3.  What is the best piece of advice you’ve ever been given? 

Work on your business not in it.

4. What is your #1 tip for a healthy lifestyle?

My whole thing is to stop doing work that is bogging you done or keeping you stuck. That will take care of most stress, added weight, and general unease. Work on your soul’s purpose for being here and you’ll be amazed at how much better and awakened you feel. Then exercise and eat effectively to keep your internal systems thriving.

5. Talk about a time in your life where you felt stuck and what you did to stop feeling that way.

I think we all get stuck at some point and at every level. A few things that break me free:

a. Telling myself and God that I’m ready for the next level.

b. Allowing myself to choose myself  and then

c. creating some excitement in my inbox by e-mailing prospects, pitching stories, and communicating with clients about ways we can up-level their success. I may even through in a few opportunities for myself for speaking or attending conferences. 

6. What is the single-most issue facing women in our culture today?

From my perspective? Distraction with the wrong priorities. The wrong men, work, opportunities, and choices. There are really just a few things you need to nail to have an extraordinary life, but those are the things we most often need guidance on, too. Relationships, money, work, and how we spend our extra time are all critical. Choose wisely.

7. Talk about your transition from working full time as an employee to your life now. What were the challenges and how did you overcome them? What, if anything, was easy for you and why do you think so?

I love to create ease. The battle between full-time employment and doing it on my own has always been a tough one for my soul. When I finally gave up the 9 to 5 for good, I just had this feeling that things would work out…and quickly. Within three weeks of quitting my last job with not a lead for new work in sight I actually ended up more than replacing my previous salary by picking up a couple of perfectly-timed clients. Call it kismet or a knack for timing, but one of my gifts is knowing when the next thing is right around the corner. I think everyone has a gift or two, whether it be timing, networking, or just following the intuition. Put those to good use and take good care of them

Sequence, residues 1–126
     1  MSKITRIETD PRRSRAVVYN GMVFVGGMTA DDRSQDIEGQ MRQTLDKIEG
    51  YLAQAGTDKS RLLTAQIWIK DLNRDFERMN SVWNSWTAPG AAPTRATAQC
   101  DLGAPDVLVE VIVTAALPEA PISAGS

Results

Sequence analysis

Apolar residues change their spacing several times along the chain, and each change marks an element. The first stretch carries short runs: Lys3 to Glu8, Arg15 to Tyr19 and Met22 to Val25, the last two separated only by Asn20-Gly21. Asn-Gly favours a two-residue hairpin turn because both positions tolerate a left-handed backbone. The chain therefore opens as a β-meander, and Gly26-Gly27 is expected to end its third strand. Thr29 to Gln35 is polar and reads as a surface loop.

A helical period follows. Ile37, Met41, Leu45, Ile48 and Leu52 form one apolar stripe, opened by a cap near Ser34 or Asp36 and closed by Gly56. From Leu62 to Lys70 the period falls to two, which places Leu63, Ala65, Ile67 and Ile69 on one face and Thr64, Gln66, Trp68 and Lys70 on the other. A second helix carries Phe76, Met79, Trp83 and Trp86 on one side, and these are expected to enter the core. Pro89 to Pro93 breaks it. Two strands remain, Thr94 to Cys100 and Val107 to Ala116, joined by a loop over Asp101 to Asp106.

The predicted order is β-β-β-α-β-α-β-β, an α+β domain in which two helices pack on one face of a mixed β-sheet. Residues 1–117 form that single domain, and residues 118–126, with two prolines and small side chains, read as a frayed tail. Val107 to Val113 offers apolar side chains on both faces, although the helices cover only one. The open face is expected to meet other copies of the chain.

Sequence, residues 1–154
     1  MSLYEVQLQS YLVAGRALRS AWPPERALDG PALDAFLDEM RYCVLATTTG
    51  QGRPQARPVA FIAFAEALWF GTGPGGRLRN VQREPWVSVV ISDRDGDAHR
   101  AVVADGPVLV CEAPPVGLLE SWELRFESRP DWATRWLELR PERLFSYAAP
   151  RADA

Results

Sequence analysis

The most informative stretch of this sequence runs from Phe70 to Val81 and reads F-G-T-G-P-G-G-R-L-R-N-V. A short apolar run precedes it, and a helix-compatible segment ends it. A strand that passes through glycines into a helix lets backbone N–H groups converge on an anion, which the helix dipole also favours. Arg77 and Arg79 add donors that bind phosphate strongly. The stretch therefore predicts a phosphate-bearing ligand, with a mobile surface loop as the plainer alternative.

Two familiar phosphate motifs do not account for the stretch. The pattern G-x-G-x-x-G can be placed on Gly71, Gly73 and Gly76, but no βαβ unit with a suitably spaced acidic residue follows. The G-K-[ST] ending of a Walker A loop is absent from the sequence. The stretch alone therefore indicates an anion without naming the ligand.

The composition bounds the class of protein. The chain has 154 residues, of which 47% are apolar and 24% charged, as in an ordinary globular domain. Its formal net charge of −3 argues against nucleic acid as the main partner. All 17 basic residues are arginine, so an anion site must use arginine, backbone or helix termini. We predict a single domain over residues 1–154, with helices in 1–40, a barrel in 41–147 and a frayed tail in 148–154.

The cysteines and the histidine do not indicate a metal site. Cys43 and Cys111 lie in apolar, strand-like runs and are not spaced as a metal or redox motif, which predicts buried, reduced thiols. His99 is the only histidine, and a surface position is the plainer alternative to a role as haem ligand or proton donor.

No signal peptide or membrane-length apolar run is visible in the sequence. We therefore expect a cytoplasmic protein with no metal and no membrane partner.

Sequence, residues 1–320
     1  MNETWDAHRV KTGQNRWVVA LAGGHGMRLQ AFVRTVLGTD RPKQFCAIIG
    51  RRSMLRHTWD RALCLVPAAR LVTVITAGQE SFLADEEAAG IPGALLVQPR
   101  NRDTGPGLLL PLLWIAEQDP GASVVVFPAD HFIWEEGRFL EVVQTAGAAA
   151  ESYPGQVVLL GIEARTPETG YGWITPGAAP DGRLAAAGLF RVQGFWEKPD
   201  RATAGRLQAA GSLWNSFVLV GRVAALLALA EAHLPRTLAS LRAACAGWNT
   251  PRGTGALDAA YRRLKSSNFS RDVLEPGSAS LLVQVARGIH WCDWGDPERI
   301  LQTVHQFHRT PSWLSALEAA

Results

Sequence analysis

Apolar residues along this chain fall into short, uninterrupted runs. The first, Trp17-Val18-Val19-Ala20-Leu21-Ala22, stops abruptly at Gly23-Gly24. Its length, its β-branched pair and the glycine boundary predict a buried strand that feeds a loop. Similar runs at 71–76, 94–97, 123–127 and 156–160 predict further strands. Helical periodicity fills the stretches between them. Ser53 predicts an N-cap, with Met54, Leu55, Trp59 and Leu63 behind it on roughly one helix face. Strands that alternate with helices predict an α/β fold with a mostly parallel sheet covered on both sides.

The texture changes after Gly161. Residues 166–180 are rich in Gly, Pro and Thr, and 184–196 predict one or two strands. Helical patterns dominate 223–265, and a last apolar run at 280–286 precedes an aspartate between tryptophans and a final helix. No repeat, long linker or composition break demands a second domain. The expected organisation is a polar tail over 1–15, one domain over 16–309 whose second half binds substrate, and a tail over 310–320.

8. Tell us a little more about 2HoursDaily. What is your mission with this project and how do you see it evolving?
Oh gosh. It is my road. I’m more than drawn to the mission of it, I really feel called to it. So the purpose of 2HoursDaily is to teach women what goes into the ‘messy middle,’ that space between working ourselves to the bones and living the life we’re dreaming of. It provides the framework and mentalities that go into creating a liberated business (and life!). Like, what are the systems that allow me to create a six-figure business that only needs a couple of hours a day to manage. 
 
That kind of thing.

Tara Zirker is a writer and marketing professional who teaches women how to make more and work less. Her latest project, 2HoursDaily, chronicles the experience of female lifestyle entrepreneurs. You can also connect with her on Twitter. You can read her Forbes article on why women make great entrepreneurs here.